National Fisherman


There's something fishy about some of the seafood we eat in California, says state Sen. Alex Padilla, and he wants to change that.
 
According to a recent report, shoppers and diners who thought they were buying lemon sole wound up eating blackback flounder, red snapper fans got tilapia, and white tuna in sushi was actually escolar.
 
The 2013 study by Oceana, an aquatic conservation group, has spurred Padilla (D-Pacoima) to write a seafood mislabeling bill. The measure, SB 1138, would make it illegal to offer to sell misbranded seafood, and last week it passed the Senate on a 36-0 vote. It now goes to the Assembly.
 
The law would be enforced by the state Department of Public Health along with state and local prosecutors. First-time violators could be punished with a fine of up to $1,000 and a year in jail, plus civil penalties.
 
"To protect our health, oceans and economy, it is essential that the seafood be labeled accurately," Padilla said. "The seafood we order should be the seafood we are served."
 
Read the full story at Los Angeles Times>>

Inside the Industry

The following was released by the Maine Department of Marine Resources on Jan. 22:

The Maine Department of Marine Resources announced an emergency regulation that will support the continued rebuilding effort in Maine’s scallop fishery. The rule, effective January 23, 2016, will close the Muscle Ridge Area near South Thomaston and the Western Penobscot Bay Area.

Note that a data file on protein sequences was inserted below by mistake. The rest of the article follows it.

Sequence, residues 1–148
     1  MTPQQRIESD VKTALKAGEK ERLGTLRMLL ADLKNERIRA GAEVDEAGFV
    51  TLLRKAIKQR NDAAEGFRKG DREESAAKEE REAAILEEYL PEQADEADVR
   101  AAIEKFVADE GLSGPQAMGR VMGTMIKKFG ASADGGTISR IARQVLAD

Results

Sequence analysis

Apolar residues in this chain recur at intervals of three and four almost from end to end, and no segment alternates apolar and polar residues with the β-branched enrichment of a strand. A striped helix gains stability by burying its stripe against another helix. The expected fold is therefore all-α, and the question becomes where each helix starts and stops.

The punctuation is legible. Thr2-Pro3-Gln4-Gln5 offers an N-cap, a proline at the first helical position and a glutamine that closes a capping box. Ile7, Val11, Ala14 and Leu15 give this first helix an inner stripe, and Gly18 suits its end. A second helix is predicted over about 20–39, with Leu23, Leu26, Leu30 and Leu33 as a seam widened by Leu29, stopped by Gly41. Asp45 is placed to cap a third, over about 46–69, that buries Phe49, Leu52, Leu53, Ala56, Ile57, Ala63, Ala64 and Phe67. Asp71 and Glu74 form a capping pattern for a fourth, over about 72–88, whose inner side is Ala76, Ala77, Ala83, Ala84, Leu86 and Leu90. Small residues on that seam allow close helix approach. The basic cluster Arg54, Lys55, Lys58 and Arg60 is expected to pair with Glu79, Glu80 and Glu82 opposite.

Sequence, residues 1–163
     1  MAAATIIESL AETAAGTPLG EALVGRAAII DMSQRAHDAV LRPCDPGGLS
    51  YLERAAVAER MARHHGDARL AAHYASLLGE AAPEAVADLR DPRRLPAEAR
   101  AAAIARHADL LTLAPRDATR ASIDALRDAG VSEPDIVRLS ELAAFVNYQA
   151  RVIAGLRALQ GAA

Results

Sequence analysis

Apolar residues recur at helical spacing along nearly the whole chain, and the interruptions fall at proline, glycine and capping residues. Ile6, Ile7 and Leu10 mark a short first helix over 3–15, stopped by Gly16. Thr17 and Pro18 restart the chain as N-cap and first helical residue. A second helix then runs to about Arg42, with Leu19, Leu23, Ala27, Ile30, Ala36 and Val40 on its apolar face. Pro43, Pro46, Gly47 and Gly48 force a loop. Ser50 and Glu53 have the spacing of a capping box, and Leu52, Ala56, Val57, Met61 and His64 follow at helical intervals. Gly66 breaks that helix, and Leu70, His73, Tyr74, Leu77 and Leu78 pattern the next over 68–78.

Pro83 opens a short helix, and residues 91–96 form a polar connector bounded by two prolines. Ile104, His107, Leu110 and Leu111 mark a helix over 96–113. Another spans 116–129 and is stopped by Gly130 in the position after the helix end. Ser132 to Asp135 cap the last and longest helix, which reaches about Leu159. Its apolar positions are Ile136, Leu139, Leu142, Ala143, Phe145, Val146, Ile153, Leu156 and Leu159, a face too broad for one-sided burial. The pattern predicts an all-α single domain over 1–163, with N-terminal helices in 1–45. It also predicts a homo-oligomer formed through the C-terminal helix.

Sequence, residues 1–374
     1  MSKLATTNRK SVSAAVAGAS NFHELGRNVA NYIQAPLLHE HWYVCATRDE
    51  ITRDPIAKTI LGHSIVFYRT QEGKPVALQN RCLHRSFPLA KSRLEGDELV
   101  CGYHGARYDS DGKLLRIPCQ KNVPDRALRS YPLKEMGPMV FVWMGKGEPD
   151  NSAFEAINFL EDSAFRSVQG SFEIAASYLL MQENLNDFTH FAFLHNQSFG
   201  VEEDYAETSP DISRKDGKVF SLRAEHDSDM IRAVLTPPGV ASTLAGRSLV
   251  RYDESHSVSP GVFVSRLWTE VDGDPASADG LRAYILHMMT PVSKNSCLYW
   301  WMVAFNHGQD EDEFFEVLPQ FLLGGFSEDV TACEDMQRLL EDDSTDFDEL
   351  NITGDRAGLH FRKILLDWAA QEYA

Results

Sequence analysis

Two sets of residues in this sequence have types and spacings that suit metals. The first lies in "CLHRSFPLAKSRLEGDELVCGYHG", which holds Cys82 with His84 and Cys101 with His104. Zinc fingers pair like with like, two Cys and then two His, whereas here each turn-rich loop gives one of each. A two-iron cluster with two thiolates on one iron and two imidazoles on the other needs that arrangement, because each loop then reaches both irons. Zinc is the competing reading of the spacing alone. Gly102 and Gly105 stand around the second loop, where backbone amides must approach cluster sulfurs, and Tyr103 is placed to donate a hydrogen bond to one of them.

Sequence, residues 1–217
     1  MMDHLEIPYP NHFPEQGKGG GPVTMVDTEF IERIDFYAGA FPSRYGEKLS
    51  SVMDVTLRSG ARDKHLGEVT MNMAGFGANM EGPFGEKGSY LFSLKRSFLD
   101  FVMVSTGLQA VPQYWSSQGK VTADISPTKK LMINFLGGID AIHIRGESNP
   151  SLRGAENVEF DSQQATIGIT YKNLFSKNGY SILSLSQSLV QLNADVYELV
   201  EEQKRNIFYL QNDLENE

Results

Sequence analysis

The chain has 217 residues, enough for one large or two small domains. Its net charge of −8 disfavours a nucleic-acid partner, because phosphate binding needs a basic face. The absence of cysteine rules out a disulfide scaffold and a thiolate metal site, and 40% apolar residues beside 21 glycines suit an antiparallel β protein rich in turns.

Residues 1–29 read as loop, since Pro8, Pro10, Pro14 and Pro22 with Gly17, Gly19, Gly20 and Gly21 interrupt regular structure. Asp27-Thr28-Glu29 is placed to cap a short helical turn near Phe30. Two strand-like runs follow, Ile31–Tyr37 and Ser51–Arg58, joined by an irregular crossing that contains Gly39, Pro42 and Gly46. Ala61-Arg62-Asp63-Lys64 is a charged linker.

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Louisiana’s Department of Wildlife and Fisheries, which governs commercial and recreational fishing in the state, got a new boss in January. Charlie Melancon, a former member of the U.S. House of Representatives and state legislator, was appointed to the job by the state’s new governor, John Bel Edwards.

Although much of his non-political work in the past has centered on the state’s sugar cane industry, Melancon said he is confident that other experience, including working closely with fishermen when in Congress, has prepared him well for this new challenge.

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